TV’s favorite drunk spy is back. FX’s twelfth season of Archer (Adam Reed, Frisky Dingo) is out, which means that “phrasing”, “rampage” and dangerous inebriation are back into the lingo. “Identity Crisis” re-introduces the unintelligent spy agency along with the world’s ex-best spy: Sterling Mallory Archer (H. Jon Benjamin, Bob’s Burgers), who is still getting used to his new A.C (after coma) reality.
This season’s first adventure begins with all the imaginable fanfare. From paparazzi on the bottom of the stairs to the president giving the agents medals, all the way to motorcade celebrations. ISIS seems to have achieved all the grandeur that the visionary Mallory Archer (the late Jessica Walters, Arrested Development) saw for her future. But alas, the glory is nothing but a figment of the imagination, originated by a pair of marketing people (Harvey Guillen, What We Do in The Shadows and Natasha Rothwell, Insecure). This splendor might have taken place if only ISIS had great marketing. They don’t, so they didn’t. Hence, the agency is broke.
The government denied their heroism and withheld payment (cue Slater and the CIA), which perhaps explains why ISIS no longer has functioning phones nor crystal glasses. Perhaps they should have cut alcohol before health insurance, but that’s just how the Archers work. The ranting buffoons explained to everyone how the old spy model just doesn’t work anymore. How come that ISIS hasn’t heard about Global Spy Wire? The only place for spy info, think Linkedin but for espionage. Unless the agency gets more modern, they will get no jobs whatsoever. I suspect this is the theme of the season, for even if ISIS was at risk before, this time it might actually be for real. Unlike the other times, the agency has a new enemy that they are most definitely not prepared to fight against. IIA is the large soul-less vulture rival company that competes with them for every job. The big guy.
The solution against this? Actually, the short-term solution? On the one hand, Cheryl (Judy Greer, 13 Going 30) and Pam (Nash Grier, Mr. Robot) will lead the marketing team in charge of branding ISIS. On the other hand, the rest of the team will sign up for the most lucrative on Global Spy Wire and get going. With no money on their backs, Archer, Lana (Aisha Tyler, Criminal Minds), Cyril (Chris Parnell, SNL), and Ray embark on a dirty trip to Moldovia.
In a somewhat expositional scene, the mission is explained. A group of mercenaries kidnapped a man known as The Professor (Eric Andre, The Eric Andre Show), the inventor of a prototype for an ionic fusion device. The spies have an advantage that no other agency has: they know at that time the Professor is gonna be moved, and through which highway. Or at least they think so. Moments later, the season’s archenemy appears from the shadow. His name: Fabian Kingsworth (Kayvan Novak, What We Do in The Shadows). He is what Sterling Archer used to be, suave, fast and a great spy. He’s even more, for he’s the director of IIA, the rival agency that proves everything impossible for the underdog. After an exchange of unpleasantries (“it’s hard to see someone you used to admire” says Bond-like villain Mr.Kingsworth), Archer re-organizes the mission’s objective: follow Kingsworth and sabotage his plan in a totally humiliating manner.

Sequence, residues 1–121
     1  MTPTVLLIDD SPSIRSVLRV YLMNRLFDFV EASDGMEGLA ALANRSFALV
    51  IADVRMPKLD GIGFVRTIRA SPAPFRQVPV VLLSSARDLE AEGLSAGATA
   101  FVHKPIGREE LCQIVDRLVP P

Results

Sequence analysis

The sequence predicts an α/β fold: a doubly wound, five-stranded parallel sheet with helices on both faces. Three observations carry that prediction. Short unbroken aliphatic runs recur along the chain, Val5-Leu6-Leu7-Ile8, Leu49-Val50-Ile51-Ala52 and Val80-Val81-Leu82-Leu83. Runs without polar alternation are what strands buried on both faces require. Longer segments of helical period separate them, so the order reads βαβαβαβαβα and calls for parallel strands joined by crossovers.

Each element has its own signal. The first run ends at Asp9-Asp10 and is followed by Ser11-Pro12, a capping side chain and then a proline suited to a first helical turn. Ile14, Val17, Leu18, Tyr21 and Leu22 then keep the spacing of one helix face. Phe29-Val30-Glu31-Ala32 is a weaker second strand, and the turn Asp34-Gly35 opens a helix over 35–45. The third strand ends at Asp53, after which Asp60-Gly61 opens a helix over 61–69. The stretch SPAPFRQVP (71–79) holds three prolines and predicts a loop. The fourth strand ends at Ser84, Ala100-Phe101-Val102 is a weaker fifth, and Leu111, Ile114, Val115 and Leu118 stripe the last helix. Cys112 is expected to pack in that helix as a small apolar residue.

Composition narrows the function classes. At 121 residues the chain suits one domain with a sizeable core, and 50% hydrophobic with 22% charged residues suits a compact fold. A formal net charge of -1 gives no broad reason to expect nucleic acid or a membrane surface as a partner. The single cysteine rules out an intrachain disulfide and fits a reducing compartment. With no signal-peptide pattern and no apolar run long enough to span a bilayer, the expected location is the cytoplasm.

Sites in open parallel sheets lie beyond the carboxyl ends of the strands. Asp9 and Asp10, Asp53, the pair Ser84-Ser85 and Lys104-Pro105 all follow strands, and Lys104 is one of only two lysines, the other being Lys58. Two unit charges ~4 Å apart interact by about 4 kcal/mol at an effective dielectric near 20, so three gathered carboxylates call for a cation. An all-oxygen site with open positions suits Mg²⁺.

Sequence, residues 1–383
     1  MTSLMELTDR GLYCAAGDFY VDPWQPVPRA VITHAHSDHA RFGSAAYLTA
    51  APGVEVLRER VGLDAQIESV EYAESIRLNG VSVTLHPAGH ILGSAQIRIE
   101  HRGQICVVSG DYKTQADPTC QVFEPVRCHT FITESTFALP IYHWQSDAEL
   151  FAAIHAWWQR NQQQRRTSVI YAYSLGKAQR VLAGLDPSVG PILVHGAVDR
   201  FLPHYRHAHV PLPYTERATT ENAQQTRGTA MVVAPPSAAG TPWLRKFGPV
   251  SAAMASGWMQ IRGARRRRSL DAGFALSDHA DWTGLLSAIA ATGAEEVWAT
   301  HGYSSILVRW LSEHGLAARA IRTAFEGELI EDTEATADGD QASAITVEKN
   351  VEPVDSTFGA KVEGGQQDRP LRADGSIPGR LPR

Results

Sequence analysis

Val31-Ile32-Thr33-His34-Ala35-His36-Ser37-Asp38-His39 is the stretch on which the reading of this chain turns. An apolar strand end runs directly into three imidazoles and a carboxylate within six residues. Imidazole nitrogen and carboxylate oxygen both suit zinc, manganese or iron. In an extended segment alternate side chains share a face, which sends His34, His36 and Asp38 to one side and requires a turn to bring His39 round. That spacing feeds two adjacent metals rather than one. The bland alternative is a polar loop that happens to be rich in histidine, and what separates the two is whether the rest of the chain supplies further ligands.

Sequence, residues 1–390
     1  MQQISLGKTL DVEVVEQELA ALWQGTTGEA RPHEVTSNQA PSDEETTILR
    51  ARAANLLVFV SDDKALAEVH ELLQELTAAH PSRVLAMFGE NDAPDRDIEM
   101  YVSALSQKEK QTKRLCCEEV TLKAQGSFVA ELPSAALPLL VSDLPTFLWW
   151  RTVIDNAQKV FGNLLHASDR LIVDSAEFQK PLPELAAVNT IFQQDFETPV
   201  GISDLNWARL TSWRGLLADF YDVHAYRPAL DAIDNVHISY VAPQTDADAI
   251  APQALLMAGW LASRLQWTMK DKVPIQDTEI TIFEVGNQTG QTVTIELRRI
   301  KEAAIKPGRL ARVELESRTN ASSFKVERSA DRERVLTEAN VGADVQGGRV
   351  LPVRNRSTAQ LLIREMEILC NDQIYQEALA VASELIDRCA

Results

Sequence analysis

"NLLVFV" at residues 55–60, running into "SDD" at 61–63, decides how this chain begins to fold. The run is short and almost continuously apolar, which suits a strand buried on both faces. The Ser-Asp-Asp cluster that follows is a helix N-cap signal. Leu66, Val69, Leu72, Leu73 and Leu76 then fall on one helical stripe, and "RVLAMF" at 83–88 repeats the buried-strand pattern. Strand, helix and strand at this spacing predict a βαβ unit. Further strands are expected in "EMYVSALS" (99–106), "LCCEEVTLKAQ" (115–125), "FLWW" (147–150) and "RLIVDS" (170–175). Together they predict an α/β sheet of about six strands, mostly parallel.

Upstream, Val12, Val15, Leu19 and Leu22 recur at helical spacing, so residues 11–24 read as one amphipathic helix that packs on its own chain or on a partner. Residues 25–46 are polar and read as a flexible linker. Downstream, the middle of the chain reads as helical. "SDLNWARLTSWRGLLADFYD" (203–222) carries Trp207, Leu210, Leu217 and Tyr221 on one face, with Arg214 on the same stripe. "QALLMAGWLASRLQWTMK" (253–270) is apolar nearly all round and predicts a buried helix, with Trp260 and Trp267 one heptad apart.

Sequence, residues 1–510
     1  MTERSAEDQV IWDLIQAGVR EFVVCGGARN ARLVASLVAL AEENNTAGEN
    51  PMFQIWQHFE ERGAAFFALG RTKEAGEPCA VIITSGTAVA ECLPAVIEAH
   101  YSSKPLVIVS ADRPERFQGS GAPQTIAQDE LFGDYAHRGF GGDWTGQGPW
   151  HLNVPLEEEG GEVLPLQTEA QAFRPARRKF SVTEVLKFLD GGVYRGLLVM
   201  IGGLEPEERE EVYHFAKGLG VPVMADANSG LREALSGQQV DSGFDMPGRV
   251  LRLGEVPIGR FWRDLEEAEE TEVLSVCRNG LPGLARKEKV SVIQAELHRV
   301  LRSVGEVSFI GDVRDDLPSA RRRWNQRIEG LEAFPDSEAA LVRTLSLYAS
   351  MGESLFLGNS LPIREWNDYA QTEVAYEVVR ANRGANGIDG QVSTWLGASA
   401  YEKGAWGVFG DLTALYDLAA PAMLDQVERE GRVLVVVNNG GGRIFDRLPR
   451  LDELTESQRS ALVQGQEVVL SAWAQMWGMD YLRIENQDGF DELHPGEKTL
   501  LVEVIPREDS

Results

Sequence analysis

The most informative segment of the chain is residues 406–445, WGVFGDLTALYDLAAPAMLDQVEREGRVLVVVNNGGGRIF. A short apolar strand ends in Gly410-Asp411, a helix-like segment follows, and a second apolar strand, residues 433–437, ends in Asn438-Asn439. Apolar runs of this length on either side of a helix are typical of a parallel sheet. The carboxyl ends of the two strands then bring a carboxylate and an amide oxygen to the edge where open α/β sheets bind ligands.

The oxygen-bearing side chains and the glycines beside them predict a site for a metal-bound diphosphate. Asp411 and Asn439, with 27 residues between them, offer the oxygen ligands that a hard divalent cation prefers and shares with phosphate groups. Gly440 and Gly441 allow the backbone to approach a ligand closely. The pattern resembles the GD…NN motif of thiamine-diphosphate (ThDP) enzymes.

Between sneaking out from truck to truck and from the hotel to a helicopter, agent Lana Kane manages to share a revealing conversation with her daughter’s biological child. She asks what to do when one person finds their significant other irritating. Has she made the wrong choice? In a relationship way, she says. Oh yes, terrible, answers Archer. Who is not caught by surprise from this line of questioning and even mocks the march and late December romance that his ex everything has today. Yet, it doesn’t make him feel bad enough, for Sterling Archer decides that he is capable of flying a helicopter (aptly named Dr. Whirrlmington Spinblade) to save the day. Or actually, ruin someone else’s day. Whatever it may be, Archer is unable to beat his new enemy and is faced with a humiliating defeat– his tactic-cane is snapped in half. A strong symbolical message for the audience to remember is that even if Archer is as Archer as ever, there are some things that perhaps will never be the same. The group fails at the mission, the Professor falls into a coma while under their supervision, and yet they manage to get some money out of this colossal– and expected– disappointment.
This season’s first episode supply us with all the Archer characteristic that everyone expects: double-entendres, obscure references, helicopter chases, lots of guns, Mallory Archer and drinking. Additionally, it sets exceptionally well what to anticipate from this season twelve: old Archer with a new tactical twist. And a whole lot of Pam Poovey too.